This article is part of our special report Plastics and PVC.
Growing market requirements for ‘green procurement’ is driving sustainability, but the success of voluntary corporate sustainability initiatives depends on the attitude and enthusiasm of businesses to live up to higher standards, says Tony Calton.
Tony Calton became general manager of the European Plastic Pipes and Fittings Association (TEPPFA) in April. A civil engineer, he previously worked in the United Kingdom for the Brussels-based Aliaxis Group. He responded in writing to questions from EURACTIV's Timothy Spence.
The Rio+20 conference a year ago in June saw the launch of a number of corporate environmental sustainability initiatives. The PVC industry has also pledged to improve its own environmental performance through what you call the VinylPlus. What does this involve?
The European PVC plastic pipes industry already absorbs around 50,000 tonnes of recyclate each year as a result of previous voluntary commitments. The overall VinylPlus initiative is building on this success with an ambitious target to increase annual consumption of recyclate to 800,000 tonnes. In fact the plastic pipes industry has made a pledge to use 100% of the rigid PVC pipes recyclate available. In addition to this rigid PVC recyclate from other sources, such as profiles, is also being used.
Other successes under the VinylPlus commitment achieved by the pipes industry on the basis of voluntary commitments include the replacement of lead-based stabilisers with alternative substances.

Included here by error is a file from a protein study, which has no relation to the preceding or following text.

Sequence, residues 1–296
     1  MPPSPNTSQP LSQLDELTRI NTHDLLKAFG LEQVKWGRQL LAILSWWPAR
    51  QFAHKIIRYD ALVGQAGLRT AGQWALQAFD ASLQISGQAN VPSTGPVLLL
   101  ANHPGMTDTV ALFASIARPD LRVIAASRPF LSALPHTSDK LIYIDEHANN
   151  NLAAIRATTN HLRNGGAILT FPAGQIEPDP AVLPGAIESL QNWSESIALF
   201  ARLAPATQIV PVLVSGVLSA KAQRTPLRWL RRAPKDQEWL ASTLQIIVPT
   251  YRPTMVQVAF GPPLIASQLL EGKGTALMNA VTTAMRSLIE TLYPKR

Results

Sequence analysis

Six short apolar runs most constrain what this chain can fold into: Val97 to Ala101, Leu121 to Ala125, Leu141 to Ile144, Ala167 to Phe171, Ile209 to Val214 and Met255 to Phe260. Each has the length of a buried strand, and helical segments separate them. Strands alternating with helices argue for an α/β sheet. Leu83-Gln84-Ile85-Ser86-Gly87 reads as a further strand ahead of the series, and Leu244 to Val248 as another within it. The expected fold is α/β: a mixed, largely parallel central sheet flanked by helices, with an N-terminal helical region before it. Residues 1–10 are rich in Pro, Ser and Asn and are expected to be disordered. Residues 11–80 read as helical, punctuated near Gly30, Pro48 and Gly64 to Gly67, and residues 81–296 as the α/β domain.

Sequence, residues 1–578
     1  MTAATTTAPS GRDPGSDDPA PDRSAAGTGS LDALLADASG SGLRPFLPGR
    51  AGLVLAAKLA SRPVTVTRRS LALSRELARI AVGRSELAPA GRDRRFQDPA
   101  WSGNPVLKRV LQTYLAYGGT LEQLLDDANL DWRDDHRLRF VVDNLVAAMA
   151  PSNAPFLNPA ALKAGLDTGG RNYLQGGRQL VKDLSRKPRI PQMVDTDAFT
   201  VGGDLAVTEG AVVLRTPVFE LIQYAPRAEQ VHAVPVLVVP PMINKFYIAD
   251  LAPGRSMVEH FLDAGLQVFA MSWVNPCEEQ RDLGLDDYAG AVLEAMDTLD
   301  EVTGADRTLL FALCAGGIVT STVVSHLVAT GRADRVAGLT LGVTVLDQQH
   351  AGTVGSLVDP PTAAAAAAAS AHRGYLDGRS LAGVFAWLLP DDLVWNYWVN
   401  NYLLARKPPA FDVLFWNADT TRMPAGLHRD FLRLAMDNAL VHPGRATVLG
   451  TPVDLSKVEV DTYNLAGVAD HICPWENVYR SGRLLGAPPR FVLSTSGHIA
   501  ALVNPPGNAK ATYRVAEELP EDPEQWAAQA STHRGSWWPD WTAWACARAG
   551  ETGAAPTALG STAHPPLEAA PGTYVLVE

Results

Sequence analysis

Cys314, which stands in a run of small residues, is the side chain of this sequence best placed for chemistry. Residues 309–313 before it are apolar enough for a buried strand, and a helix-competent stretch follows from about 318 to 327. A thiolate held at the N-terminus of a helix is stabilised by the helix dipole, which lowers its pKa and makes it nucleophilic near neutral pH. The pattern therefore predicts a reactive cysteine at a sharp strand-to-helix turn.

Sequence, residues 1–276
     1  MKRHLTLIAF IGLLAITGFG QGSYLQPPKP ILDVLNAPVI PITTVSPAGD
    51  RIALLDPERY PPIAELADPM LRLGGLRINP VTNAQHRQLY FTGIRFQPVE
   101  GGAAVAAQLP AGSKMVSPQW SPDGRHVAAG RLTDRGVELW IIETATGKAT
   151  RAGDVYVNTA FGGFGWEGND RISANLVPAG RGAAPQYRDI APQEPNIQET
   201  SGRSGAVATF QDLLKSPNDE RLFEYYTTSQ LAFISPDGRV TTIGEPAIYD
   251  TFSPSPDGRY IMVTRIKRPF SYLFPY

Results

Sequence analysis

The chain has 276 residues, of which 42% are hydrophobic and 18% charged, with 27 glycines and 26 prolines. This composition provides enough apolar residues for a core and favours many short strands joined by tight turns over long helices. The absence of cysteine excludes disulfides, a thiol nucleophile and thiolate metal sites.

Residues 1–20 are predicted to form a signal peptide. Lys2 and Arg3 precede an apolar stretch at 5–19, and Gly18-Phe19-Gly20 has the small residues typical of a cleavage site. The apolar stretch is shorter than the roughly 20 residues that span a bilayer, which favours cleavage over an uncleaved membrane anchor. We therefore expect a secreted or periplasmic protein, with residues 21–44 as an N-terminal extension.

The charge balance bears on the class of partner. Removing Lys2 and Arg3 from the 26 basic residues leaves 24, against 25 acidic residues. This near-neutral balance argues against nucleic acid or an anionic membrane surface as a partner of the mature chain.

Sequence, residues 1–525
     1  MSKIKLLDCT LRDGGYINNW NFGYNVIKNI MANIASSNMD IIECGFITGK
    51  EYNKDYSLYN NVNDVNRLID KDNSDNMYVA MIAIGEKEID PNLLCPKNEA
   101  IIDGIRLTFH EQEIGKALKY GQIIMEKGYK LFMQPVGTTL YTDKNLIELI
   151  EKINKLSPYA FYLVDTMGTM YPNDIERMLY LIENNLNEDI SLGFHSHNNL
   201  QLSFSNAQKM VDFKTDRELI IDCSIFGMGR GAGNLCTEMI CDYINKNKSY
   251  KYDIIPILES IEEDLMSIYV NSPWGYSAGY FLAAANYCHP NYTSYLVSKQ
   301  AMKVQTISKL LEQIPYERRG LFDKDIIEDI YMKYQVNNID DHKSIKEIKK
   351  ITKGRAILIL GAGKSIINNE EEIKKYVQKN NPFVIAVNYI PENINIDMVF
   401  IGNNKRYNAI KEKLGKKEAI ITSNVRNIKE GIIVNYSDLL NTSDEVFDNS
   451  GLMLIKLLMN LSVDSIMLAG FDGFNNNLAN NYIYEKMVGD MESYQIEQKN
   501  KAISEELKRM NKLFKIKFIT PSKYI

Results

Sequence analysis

VinylPlus represents voluntary commitments. How effective can these be if they are not backed by regulations that are not enforceable?
The effectiveness of such voluntary schemes partly relies on the attitude and enthusiasm of the industry sector involved. Clearly, as in this case, it helps if there is good alignment with their overall Corporate Social Responsibility declarations. However, fundamental to the success of such schemes is a commitment by all stakeholders and the complete supply chain to embrace the initiative and be fully supportive of the benefits it can provide to the whole industry. The ever-increasing market requirements for “green procurement” in both the public and private sectors have also contributed to the success of this initiative.
Ultimately, if backed by legislation, non-participating manufacturers would be realigned and a level playing field would be re-established.
Not all producers agree to live by the voluntary standards you are talking about. Can you compete successfully if you are operating at a higher – and presumably more costly – level than companies that are not bound by the same standards?
All TEPPFA members have committed to participating in the VinylPlus scheme with the technical and financial implications this entails. Clearly there are companies outside of TEPPFA who have chosen not to sign up to the scheme and obviously do not have the same obligations until imposed by legislation. However, the market is also being increasingly influenced by requirements for “green public procurement” which should not be underestimated as an incentive for manufacturers to be active in this area.
The members of TEPPFA have always taken an extremely responsible approach to maintaining the balance between the reliability of their products and the ever-increasing environmental pressures to improve the level of recycling and achieve ultimate resource efficiency. They are committed to continuing to comply with all the relevant European and National Standards and not compromising on product performance in their efforts to increase the use of recyclate.